Bertrange, Luxembourg, October 22, 2015 – Butterflies are beautiful and delicate creatures – and very climate sensitive. So when planners were designing the Konya Tropical Butterfly Garden in Konya, Turkey, they recognised it was vital to secure the best, most reliable means of maintaining stable heat and humidity in the museum.
That’s why they turned to Guardian Industries’ Glass Group in Europe, a leading manufacturer of high-quality commercial, residential, interior and automotive glass products, to provide the nearly 1,500 pieces of different-sized glass needed during construction.
Specifically, they selected Guardian SunGuard® SNX 60/28, which lets 60% of sunlight in but keeps out 72% of the sun’s heat – allowing the temperature inside the building to be precisely regulated. The SunGuard eXtra selective (SNX) range is the highest performing solar protective glass Guardian has to offer. This glass also offers excellent aesthetics, due to its neutral transparent colour and its low reflection.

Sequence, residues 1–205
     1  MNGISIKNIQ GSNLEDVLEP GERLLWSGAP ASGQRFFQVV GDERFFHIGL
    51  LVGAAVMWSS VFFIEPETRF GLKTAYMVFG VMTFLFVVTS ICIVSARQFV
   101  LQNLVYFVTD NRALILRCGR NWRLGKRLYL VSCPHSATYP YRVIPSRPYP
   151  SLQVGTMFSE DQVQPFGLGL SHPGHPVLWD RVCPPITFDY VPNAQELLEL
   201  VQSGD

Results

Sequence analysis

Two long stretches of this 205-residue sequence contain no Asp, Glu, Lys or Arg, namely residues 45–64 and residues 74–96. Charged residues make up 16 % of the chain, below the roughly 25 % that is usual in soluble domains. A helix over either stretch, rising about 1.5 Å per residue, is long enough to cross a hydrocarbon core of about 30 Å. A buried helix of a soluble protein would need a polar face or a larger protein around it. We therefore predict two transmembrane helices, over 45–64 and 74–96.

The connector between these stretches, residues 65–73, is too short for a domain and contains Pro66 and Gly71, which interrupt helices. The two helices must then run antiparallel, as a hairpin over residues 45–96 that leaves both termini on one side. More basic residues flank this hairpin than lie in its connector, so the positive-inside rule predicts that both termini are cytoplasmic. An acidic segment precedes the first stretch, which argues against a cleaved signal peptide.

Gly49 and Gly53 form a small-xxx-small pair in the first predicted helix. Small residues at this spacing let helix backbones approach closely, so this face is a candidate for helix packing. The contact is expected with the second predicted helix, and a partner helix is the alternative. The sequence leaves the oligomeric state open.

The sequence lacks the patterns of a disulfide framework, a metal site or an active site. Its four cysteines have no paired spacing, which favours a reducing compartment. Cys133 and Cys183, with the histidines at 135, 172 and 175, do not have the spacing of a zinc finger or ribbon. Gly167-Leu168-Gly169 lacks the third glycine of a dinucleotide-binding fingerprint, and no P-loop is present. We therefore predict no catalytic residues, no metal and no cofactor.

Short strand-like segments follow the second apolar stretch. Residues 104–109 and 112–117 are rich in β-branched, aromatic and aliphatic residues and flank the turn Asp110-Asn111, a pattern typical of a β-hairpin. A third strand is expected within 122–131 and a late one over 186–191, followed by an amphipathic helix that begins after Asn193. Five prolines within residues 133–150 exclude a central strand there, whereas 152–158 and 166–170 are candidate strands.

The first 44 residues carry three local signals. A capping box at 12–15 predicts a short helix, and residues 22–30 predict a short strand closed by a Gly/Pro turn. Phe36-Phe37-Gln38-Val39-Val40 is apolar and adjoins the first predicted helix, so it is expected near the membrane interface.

Ensuring a constant tropical climate of 26 °C and 80% humidity inside the glass-covered building was a particular challenge in Konya, which has a continental climate with large temperature swings between the winter and summer months. The construction area covered 380,000 square meters.
The museum, which opened in July 2015, features Europe’s biggest butterfly flight zone of 1,600 square meters. Some 6,000 butterflies of 15 species and 20,000 tropical plants of 98 species live in the museum.
Guardian SunGuard glass not only helps to protect this rare and valuable plant and animal life, but it also makes for a more energy-efficient and environmentally friendly building. The Konya museum project received a LEED Silver certificate, making it the first museum in Turkey to be so recognised. (LEED is the Leadership in Energy and Environmental Design rating system, developed by the U.S. Green Building Council.)
SunGuard products can help buildings to earn the LEED points needed to earn the much-coveted LEED certification.
The Konya Selçuklu Muncipality worked with the international architectural and planning firm Arup on this project and hired the Akçim-Evçağ business partnership to handle the actual construction.